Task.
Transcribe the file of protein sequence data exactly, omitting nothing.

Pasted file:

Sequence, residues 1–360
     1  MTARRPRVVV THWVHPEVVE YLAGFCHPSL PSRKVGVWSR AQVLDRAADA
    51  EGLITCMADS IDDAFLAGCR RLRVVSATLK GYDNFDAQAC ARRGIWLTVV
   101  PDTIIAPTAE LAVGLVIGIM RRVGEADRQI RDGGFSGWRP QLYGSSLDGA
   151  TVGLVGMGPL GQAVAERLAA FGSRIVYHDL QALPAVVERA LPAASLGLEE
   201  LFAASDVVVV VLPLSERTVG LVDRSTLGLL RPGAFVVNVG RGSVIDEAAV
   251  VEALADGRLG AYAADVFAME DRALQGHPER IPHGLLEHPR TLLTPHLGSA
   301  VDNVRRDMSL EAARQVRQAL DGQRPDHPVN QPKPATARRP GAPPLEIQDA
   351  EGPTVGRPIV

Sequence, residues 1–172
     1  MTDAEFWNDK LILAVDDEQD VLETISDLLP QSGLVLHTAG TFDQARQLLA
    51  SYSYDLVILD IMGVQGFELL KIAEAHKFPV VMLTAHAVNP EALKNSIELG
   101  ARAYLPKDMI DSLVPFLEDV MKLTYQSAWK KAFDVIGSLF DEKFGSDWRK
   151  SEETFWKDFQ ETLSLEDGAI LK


Sequence, residues 1–360
     1  MTARRPRVVV THWVHPEVVE YLAGFCHPSL PSRKVGVWSR AQVLDRAADA
    51  EGLITCMADS IDDAFLAGCR RLRVVSATLK GYDNFDAQAC ARRGIWLTVV
   101  PDTIIAPTAE LAVGLVIGIM RRVGEADRQI RDGGFSGWRP QLYGSSLDGA
   151  TVGLVGMGPL GQAVAERLAA FGSRIVYHDL QALPAVVERA LPAASLGLEE
   201  LFAASDVVVV VLPLSERTVG LVDRSTLGLL RPGAFVVNVG RGSVIDEAAV
   251  VEALADGRLG AYAADVFAME DRALQGHPER IPHGLLEHPR TLLTPHLGSA
   301  VDNVRRDMSL EAARQVRQAL DGQRPDHPVN QPKPATARRP GAPPLEIQDA
   351  EGPTVGRPIV

Sequence, residues 1–172
     1  MTDAEFWNDK LILAVDDEQD VLETISDLLP QSGLVLHTAG TFDQARQLLA
    51  SYSYDLVILD IMGVQGFELL KIAEAHKFPV VMLTAHAVNP EALKNSIELG
   101  ARAYLPKDMI DSLVPFLEDV MKLTYQSAWK KAFDVIGSLF DEKFGSDWRK
   151  SEETFWKDFQ ETLSLEDGAI LK